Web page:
Synthesis and characterization of isotopically-labeled silver, copper and zinc oxide nanoparticles for tracing studies in plants

Nath J., Dror I., Landa P., Vaněk T., Kaplan-Ashiri I., Berkowitz B.
ENVIRONMENTAL POLLUTION 242: 1827-1837, 2018

Keywords: Isotopically labeled nanoparticles, Silver nanoparticles, Copper nanoparticles, Zinc oxide nanoparticles, Nanoparticle uptake
Abstract: In parallel to technological advances and ever-increasing use of nanoparticles in industry, agriculture and consumer products, the potential ecotoxicity of nanoparticles and their potential accumulation in ecosystems is of increasing concern. Because scientific reports raise a concern regarding nanoparticle toxicity to plants, understanding of their bioaccumulation has become critical and demands more research. Here, the synthesis of isotopically-labeled nanoparticles of silver, copper and zinc oxide is reported; it is demonstrated that while maintaining the basic properties of the same unlabeled (“regular”) nanoparticles, labeled nanoparticles enable more sensitive tracing of nanoparticles within plants that have background elemental levels. This technique is particularly useful for working with elements that are present in high abundance in natural environments. As a benchmark, labeled and unlabeled metal nanoparticles (Ag-NP, Cu-NP, ZnO-NP) were synthesized and compared, and then exposed in a series of growth experiments to Arabidopsis thaliana; the NPs were traced in different parts of the plant. All of the synthesized nanoparticles were characterized by TEM, EDS, DLS, z-potential and single particle ICP-MS, which provided essential information regarding size, composition, morphology and surface charge of nanoparticles, as well as their stability in suspensions. Tracing studies with A. thaliana showed uptake/retention of nanoparticles that is more significant in roots than in shoots. Single particle ICP-MS, and scanning electron micrographs and EDS of plant roots showed presence of Ag-NPs in particular, localized areas, whereas copper and zinc were found to be distributed over the root tissues, but not as nanoparticles. Thus, nanoparticles in any natural matrix can be replaced easily by their labeled counterparts to trace the accumulation or retention of NPs. Isotopically-labeled nanoparticles enable acquisition of specific results, even if there are some concentrations of the same elements that originate from other (natural or anthropogenic) sources.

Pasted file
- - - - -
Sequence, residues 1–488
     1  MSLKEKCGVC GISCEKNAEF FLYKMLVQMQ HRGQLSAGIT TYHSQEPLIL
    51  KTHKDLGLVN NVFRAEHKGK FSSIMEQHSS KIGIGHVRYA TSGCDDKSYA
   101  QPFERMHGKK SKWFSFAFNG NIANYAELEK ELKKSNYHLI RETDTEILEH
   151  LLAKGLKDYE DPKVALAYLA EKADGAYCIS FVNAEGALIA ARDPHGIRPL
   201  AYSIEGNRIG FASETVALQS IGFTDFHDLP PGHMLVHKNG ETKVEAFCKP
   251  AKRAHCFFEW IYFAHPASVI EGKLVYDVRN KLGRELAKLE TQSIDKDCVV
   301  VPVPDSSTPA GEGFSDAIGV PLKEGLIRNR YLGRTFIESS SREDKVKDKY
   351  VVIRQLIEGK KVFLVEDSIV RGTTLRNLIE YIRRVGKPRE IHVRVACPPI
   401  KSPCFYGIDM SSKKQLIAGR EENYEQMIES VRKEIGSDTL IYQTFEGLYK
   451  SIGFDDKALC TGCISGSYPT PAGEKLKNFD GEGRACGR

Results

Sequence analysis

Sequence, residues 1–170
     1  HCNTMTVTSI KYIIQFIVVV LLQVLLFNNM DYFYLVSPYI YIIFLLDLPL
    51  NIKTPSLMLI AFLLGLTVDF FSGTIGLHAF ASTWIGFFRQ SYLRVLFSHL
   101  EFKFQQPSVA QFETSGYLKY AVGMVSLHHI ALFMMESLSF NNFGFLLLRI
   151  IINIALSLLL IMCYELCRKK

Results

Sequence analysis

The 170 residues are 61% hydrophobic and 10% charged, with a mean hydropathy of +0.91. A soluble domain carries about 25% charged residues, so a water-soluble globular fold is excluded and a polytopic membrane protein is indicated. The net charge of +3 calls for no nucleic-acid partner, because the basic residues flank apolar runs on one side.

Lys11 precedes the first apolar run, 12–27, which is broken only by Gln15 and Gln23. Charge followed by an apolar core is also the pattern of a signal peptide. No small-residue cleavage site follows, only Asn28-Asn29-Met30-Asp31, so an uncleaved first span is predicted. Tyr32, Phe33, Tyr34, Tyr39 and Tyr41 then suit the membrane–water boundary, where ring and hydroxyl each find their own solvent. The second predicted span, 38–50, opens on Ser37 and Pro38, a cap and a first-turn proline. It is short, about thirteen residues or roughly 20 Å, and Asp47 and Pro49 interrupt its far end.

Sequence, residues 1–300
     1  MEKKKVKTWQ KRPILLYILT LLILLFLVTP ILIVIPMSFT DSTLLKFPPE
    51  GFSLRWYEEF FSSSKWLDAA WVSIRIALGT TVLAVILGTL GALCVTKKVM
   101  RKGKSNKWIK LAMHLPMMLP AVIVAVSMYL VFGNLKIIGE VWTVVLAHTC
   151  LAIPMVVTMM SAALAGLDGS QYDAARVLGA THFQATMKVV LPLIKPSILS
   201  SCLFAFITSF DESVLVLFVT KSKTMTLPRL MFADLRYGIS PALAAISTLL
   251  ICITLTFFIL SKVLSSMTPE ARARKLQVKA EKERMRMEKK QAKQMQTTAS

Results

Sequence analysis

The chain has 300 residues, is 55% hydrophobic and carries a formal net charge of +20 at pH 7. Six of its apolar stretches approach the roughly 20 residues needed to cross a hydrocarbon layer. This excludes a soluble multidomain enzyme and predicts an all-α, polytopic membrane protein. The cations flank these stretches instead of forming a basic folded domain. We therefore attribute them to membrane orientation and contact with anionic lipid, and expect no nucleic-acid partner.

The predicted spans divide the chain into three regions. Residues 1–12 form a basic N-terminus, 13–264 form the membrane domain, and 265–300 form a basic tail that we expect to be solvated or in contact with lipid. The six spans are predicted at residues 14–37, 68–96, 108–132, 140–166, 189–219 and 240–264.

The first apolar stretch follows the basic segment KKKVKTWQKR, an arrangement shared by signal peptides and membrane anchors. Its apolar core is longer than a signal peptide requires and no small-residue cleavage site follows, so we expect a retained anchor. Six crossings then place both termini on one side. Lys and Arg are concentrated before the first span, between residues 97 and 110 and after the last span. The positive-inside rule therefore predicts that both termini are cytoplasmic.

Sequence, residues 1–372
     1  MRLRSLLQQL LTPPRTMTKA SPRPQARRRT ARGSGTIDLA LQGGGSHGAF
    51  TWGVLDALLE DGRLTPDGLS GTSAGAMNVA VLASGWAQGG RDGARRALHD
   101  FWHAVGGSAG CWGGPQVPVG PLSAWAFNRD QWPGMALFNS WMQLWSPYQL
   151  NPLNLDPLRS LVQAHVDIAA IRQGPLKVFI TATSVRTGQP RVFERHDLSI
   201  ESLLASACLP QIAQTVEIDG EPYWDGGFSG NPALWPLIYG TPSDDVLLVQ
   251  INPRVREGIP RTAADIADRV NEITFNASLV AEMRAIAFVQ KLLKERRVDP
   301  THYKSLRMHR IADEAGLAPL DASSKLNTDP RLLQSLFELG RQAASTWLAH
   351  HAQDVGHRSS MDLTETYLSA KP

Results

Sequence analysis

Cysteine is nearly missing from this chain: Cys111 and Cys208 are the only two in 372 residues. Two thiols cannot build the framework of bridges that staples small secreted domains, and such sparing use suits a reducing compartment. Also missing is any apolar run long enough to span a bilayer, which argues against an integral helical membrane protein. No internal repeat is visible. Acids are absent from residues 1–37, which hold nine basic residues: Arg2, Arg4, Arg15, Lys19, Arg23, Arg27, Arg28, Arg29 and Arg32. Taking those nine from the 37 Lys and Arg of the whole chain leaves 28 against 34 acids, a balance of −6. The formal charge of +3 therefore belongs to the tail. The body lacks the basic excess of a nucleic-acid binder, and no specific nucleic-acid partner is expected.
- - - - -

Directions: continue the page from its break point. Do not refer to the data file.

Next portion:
IEB authors: Přemysl Landa, Tomáš Vaněk